Robin Turner, at-large city council member, has been following the issue and speaking up for the seniors since July.

“I don’t know what kind of values a company has that views this strictly as a ‘business opportunity’ when you have basically forced over 150 senior people out onto the street,” Turner said.

Dave Ruller, Kent city manager, stated in an email that the city has been working closely with seniors to try to “facilitate as smooth a transition as possible.”

“No matter how motivated we were on moral grounds, the city had no legal standing to try to impose a different outcome for this private property sale between a willing seller and a willing buyer,” Ruller wrote.

Turner said even though he isn’t directly impacted, he’s “outraged.”

“Think of the pressure these folks are in. They don’t know if they stay there right now and fight if they’re going to lose their opportunity to have their moving taken care of,” Turner said. “And some people have said, ‘Well be that as it may, we’re fighting. And I think that that’s courageous beyond any courage I have.”

“The faces of Silver Oaks”

Wah-Chiu Lai

Wah-Chiu Lai has done everything he can to find a new place to live.

“I have no options,” Lai said. “I don’t know what I can do, but I just wait.”

The location of Silver Oaks Place was ideal for Lai. He is a custodial worker at Tri Towers and is currently working to complete his Ph.D.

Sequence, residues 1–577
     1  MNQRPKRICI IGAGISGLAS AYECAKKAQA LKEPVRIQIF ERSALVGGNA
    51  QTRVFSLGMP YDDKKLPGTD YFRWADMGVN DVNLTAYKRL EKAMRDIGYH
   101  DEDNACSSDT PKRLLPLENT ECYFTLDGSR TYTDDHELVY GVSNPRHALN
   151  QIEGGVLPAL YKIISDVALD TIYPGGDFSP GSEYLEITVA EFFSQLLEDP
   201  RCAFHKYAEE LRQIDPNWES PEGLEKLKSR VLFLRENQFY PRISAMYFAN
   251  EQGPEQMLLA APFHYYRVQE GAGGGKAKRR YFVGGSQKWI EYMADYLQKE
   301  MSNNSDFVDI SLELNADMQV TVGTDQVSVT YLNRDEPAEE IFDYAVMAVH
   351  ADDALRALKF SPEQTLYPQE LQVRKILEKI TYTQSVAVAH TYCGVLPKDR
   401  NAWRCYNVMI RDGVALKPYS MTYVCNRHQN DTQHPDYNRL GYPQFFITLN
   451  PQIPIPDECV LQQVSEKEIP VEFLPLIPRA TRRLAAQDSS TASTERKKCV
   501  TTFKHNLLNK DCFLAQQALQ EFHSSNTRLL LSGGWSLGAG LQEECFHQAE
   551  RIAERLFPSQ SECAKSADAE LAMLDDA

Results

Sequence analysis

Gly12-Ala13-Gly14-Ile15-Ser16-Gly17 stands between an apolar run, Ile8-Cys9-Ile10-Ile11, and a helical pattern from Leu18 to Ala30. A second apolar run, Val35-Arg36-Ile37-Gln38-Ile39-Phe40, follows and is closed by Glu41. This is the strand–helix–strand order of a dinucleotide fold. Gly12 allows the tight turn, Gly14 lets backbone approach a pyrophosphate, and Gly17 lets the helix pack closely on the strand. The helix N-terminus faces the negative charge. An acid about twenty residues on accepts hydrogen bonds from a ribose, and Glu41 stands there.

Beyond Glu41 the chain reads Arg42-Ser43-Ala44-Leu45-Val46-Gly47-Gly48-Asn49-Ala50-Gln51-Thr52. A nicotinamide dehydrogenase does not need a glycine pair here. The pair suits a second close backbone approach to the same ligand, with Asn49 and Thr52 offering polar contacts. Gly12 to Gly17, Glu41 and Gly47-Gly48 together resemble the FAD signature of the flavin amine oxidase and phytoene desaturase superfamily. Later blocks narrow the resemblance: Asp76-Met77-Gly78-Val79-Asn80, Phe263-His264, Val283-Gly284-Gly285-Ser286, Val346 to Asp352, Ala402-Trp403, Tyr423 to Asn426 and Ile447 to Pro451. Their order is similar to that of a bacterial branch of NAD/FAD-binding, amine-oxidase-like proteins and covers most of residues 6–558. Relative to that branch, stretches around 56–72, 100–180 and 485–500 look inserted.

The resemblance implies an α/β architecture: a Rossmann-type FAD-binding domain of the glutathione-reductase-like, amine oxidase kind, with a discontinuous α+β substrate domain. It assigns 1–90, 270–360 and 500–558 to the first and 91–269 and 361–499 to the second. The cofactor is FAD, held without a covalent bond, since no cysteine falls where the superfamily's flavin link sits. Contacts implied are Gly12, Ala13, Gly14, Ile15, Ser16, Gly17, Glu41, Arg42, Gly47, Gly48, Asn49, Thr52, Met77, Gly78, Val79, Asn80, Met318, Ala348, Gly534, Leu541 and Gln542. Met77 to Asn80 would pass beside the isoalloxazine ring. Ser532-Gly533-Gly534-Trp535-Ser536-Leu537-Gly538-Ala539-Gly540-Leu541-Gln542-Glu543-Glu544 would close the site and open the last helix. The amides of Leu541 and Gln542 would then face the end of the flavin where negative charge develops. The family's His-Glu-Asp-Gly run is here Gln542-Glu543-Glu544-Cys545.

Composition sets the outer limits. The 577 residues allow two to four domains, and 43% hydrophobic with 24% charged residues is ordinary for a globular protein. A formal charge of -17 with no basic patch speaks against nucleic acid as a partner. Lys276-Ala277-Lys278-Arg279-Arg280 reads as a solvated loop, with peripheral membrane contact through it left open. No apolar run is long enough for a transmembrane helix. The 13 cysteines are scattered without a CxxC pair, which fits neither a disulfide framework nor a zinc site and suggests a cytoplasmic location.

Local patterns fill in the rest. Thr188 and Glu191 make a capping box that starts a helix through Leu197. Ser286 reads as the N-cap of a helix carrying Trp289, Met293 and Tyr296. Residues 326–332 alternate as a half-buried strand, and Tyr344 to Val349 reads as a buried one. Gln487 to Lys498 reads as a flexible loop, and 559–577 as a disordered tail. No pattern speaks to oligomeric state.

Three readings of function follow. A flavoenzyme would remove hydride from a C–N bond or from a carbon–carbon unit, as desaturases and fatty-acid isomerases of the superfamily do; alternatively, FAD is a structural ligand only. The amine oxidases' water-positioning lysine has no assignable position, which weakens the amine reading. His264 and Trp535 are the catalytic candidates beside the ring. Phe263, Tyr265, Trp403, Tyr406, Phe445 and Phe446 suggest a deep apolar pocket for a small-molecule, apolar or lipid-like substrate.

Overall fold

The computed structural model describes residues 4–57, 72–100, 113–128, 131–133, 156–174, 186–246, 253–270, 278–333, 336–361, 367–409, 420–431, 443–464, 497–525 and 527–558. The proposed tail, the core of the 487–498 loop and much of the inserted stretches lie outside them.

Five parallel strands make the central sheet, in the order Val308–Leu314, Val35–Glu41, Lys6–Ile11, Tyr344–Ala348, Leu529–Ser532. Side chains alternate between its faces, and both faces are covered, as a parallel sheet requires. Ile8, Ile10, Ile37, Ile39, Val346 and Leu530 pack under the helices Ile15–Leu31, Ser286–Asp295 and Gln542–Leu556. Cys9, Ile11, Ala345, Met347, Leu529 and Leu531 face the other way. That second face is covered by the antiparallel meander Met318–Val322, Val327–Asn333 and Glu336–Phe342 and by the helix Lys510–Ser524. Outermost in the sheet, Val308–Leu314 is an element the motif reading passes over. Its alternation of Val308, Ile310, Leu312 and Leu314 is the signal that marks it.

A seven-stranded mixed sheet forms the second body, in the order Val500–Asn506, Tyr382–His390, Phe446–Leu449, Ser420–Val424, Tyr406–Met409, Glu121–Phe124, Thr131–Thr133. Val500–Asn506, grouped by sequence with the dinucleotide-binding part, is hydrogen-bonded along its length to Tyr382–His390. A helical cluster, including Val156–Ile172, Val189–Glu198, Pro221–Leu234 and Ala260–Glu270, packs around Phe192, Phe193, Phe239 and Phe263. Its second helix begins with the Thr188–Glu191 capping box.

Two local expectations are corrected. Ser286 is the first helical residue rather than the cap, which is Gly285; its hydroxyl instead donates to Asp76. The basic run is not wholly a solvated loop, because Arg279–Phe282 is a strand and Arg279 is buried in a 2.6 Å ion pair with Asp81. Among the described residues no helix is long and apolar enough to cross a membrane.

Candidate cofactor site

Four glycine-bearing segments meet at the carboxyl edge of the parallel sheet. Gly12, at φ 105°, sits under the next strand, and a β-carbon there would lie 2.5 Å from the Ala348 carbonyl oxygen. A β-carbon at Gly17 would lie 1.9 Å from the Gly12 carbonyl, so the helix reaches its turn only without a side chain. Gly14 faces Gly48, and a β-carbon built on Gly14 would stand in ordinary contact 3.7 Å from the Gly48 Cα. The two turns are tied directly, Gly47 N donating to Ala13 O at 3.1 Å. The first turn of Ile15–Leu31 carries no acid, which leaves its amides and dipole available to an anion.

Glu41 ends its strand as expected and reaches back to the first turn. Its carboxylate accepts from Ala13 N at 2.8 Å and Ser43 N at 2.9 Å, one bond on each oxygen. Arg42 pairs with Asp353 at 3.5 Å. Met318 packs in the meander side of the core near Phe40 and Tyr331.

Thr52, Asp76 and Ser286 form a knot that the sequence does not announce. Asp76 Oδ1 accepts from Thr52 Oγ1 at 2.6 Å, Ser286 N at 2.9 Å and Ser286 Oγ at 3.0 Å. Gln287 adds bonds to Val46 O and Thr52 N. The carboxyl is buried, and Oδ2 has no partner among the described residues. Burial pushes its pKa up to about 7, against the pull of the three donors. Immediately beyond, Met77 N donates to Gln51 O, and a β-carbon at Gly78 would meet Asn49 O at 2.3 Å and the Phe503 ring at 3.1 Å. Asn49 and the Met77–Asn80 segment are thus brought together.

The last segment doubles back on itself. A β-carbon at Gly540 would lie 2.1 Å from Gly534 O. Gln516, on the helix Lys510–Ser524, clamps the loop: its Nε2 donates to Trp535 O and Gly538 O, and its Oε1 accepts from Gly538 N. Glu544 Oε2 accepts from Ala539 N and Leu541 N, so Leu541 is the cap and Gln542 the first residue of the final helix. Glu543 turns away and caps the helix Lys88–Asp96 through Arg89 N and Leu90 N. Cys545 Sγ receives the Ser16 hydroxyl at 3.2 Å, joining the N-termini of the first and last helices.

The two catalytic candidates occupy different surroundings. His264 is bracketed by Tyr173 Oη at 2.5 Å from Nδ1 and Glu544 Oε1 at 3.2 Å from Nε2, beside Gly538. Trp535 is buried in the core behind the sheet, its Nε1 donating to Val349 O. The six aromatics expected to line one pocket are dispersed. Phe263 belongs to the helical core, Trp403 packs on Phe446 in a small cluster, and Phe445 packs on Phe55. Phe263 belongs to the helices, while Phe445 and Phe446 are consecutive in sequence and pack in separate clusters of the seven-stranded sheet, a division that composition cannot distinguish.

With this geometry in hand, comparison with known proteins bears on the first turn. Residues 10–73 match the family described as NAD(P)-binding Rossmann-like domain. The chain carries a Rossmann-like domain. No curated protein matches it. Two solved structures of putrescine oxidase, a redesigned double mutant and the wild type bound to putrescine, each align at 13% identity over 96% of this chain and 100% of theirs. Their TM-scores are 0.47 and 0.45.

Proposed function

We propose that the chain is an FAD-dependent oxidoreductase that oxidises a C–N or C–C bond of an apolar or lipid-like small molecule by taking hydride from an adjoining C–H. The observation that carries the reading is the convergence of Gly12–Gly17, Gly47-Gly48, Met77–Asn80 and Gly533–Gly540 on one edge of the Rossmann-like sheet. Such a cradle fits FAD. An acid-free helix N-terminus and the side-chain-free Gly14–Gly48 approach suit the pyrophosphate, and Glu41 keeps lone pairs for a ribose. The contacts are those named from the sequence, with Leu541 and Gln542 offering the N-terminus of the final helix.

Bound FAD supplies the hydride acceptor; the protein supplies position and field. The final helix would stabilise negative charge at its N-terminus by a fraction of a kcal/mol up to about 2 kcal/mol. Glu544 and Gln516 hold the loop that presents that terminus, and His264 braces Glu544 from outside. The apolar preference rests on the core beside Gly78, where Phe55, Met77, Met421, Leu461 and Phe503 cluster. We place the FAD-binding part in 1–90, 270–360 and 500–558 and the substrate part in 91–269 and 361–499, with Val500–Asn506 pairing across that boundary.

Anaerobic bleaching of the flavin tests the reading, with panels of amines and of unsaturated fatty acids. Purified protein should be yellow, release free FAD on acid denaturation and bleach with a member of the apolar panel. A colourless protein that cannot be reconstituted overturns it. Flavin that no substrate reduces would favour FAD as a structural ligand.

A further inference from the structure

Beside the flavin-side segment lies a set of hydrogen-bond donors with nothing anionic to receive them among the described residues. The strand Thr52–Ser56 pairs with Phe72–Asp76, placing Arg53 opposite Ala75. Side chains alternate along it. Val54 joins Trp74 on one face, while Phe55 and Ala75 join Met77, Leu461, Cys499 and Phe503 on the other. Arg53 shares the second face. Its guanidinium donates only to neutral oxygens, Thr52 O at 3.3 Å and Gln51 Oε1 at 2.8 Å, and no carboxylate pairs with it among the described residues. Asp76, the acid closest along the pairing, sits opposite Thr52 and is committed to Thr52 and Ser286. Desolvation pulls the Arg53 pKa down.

With no car or family nearby, his only choice is to try to get a longer stay.

“I only feel hopeless, really,” Lai said.

He will attend mediation as one of 45 residents who filed complaints with the Ohio Civil Rights Commission.

He said the displacement of seniors is “predatory capitalism,” on behalf of Capstone.

“Many people feel there is nothing,” he said. “We cannot do anything.”

Lai is bipolar and suffers from severe depression. He said the events at Silver Oaks served to exacerbate his condition.

Lai moved to Silver Oaks in 2005. He said he wishes the residents could stay together.

“We are happy, like in a family,” Lai said.

Many residents moved out quickly, concerned about moving in the winter months, he said. He found a mobile home to live in, but the owner could not find a replacement apartment.

Lai said that even if the remaining residents were granted lease extensions, the issue still wouldn’t be solved. It’s a social problem that is happening nationwide, he said.

“Since the eviction broke our dream, everyone says that if we want to die here, it’s impossible. All have to go,” Lai said. “Capstone eviction destroyed our dream.”

Harold Brown

Harold Brown, 63, used to visit Silver Oaks Place two to three times every day to take care of his mother, Sleda Brown.